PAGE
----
Timber frame construction: An evidence-led choice that is growing rapidly in popularity

timber frame construction

Gareth Barber, Managing Director of the Stable Company presents the case for timber frame construction, exploring this truly exciting and high-tech material – and why further research is crucial

Recent research has unearthed new building techniques that could even make timber suitable for high rise developments. Other studies have also highlighted timber’s physiological benefits to humans – this article explores this truly exciting and, surprisingly-to-some, high-tech construction material – and why further research is crucial.

Why choose timber frame construction?

Timber frame construction is the ultimate environmentally- conscious choice. As a 100% renewable building material, timber distinguishes itself from traditional rivals, brick and concrete, whilst also demanding far less energy to manufacture. In addition, timber stores greenhouse gas from the atmosphere. A report by Wood for Good estimated that if all house-building targets in the UK were met with timber frame construction, the UK could become a carbon bank – storing 3.8 million tonnes of CO2 every year.

Financial considerations also make timber frame a popular choice. For many projects – particularly those in the public sector, where budgets are usually tight, such as in the UK – cost is a crucial consideration. These ‘green’ credentials potentially open timber frame construction projects up to funding, grants or other financial support from local authorities. This is not to mention that timber is usually a lower-cost option when compared to brick and concrete, regardless of any extra financial support.

The cost-effectiveness and speed of timber frame construction make it easier and more feasible from a budgetary perspective to factor in other features such as, for example, floor-to-ceiling windows – which maximise natural light (and thereby minimise financial and environmental expenditure on artificial lighting).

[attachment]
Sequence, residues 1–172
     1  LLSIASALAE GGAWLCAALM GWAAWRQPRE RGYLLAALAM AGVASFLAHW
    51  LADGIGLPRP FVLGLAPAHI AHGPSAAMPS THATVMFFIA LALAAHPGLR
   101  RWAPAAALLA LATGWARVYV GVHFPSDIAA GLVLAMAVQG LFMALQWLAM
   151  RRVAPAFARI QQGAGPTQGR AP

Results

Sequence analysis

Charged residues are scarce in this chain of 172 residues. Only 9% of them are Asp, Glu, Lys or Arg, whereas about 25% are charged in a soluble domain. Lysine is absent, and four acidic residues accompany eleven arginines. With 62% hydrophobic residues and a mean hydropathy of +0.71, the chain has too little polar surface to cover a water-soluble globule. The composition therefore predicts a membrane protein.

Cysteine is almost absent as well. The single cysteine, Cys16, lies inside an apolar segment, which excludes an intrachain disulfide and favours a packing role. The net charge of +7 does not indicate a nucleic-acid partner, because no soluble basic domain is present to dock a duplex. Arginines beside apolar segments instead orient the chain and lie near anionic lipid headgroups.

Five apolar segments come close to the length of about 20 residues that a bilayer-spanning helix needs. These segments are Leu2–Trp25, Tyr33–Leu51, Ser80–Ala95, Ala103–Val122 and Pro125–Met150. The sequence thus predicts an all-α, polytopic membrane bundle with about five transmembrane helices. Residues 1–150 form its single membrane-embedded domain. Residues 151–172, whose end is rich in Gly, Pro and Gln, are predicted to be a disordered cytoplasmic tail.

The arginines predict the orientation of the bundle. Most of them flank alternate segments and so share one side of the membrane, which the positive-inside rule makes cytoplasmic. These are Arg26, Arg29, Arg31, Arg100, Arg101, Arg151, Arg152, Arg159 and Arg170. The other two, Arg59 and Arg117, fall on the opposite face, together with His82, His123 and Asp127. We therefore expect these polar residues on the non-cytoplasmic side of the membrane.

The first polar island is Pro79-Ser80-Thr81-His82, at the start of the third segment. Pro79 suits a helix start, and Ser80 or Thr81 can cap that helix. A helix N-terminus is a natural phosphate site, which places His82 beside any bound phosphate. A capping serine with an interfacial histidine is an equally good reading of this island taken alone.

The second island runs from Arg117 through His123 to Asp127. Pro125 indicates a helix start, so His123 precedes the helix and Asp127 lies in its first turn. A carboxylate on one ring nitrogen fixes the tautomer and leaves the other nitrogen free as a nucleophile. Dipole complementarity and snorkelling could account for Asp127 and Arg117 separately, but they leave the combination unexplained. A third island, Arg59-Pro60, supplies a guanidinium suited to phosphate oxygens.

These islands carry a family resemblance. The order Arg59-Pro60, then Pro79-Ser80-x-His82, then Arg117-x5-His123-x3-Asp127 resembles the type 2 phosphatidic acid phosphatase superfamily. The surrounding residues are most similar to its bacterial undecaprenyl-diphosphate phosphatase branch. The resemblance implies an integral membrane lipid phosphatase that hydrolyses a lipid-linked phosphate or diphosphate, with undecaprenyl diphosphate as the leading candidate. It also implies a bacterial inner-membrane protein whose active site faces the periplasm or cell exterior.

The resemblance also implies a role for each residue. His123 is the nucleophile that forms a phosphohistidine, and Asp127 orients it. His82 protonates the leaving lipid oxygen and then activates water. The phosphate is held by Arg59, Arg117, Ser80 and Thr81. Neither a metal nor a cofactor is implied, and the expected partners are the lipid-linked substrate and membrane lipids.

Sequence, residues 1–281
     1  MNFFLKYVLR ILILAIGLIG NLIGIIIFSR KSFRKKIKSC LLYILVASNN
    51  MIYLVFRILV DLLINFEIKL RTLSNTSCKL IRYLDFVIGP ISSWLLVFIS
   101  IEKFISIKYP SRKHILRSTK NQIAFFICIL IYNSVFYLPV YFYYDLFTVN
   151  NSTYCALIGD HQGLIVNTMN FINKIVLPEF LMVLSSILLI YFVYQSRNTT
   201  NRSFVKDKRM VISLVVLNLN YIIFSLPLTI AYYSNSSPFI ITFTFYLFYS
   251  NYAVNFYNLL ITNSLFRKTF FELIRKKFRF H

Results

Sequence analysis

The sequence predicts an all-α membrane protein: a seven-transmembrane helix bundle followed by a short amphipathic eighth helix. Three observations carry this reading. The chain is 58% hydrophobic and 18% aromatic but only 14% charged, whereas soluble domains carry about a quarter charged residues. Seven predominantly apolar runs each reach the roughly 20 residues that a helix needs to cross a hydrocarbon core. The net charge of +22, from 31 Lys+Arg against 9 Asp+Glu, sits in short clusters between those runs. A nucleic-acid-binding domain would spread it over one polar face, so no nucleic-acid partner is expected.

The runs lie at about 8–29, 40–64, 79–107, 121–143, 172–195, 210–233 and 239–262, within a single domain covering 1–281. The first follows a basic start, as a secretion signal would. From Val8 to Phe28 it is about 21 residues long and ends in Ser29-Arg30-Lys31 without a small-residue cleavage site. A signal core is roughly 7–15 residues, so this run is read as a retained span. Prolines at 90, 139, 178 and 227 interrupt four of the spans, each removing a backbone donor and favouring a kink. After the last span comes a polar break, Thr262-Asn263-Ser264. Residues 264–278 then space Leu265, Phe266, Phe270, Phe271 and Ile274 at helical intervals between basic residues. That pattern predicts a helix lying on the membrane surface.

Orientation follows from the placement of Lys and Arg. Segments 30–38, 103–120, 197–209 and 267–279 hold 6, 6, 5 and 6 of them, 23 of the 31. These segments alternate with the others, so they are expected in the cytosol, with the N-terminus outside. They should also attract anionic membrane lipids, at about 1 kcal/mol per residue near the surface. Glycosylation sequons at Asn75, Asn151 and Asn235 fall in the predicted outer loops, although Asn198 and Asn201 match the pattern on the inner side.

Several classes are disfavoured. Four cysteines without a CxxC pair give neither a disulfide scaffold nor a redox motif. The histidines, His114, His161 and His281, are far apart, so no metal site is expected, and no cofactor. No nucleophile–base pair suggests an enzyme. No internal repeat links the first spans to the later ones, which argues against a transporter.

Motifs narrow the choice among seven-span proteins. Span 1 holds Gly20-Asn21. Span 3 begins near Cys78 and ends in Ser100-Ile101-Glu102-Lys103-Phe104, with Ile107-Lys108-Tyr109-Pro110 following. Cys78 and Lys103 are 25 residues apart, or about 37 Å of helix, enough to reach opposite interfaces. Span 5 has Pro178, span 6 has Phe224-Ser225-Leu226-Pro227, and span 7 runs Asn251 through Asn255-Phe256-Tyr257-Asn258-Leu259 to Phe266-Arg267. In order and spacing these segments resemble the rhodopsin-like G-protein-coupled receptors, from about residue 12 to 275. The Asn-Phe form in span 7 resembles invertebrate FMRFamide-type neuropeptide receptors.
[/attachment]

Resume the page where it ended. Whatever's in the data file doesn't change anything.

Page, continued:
Modular buildings are simpler, more practical and cost-effective to adapt as needs evolve than buildings constructed by traditional methods. Interestingly, a study – Behavior Changes in Older.

Persons Caused by Using Wood Products – noted increased talkativeness between subjects when in the presence of wood. Other studies have elucidated timber’s physiological benefits to humans; the presence of wood has been shown to reduce blood pressure and induce feelings of calmness. This makes timber frame construction an evidence-led choice for schools, hospitals, rehabilitative institutions or elderly residential centres.

How does timber perform, however? What about its thermal properties?

Timber is hygroscopic – improving indoor air quality by moderating humidity –making it a very popular material for buildings with sensitive contents, such as garages or simply for keeping its occupants comfortable.

Breathable and naturally-insulating, timber maintains a more stable temperature than concrete or brick and is able to be fully draught-proofed. Timber’s cellular structure contains air pockets which limit the material’s ability to conduct heat. Modern timber frame buildings are also capable of being fitted out with artificial insulation, supplementing these natural properties and already-low thermal heat transfer levels.

This high-tech insulation is contained within the structure in the timber cavity, meaning that the wallsof a timber frame building can be much thinner than concrete or stone, whilst achieving the same level of insulation – also saving on vital building space. The minimum insulation specification is 150 mm glass wool.

Natural properties, combined with the use of innovative artificial insulation, mean that timber frame buildings are cooler in the summer and warmer in the winter. This saves on heating and cooling, thereby non-renewable energy use – a financial and environmental plus point.

The importance of timber research

Tight budgets limit the size and scope of building projects, but can also curb creativity or experimentation. As an inherently more affordable approach, timber frame construction projects give more opportunity to experiment with the wealth of exciting techniques and aesthetic outcomes that exist. By allowing for enterprise with styles, it’s possible to discover ways to further improve the user-friendliness and aesthetics – two hugely important factors in good building design.

Recent timber research has focused on the development and uses of Cross-Laminated Timber (CLT) – an innovative new technique that combines several layers of timber, creating an extremely strong and load-bearing compound. Research and experimentation with CLT – which is as strong as steel – unlocks a whole new range of design possibilities; these have even included plans for a 10-storey timber frame building. Certainly, a twist on the idea of a ‘concrete jungle’.

With environmental sustainability high on the agenda of governments, councils and businesses the world over, CLT is attracting growing attention, placing importance on further research into this building method.

Concrete development accounts for 5% of all carbon emissions; research by Yale University suggests that a global switch to timber would cut the construction industry’s carbon emissions by 31%.

Research into construction methods like CLT means that wood is back with a vengeance, to the benefit of the environment – as well as our pockets.


Gareth Barber

Managing Director

The Stable Company

Tel: (+44) 01904 430630





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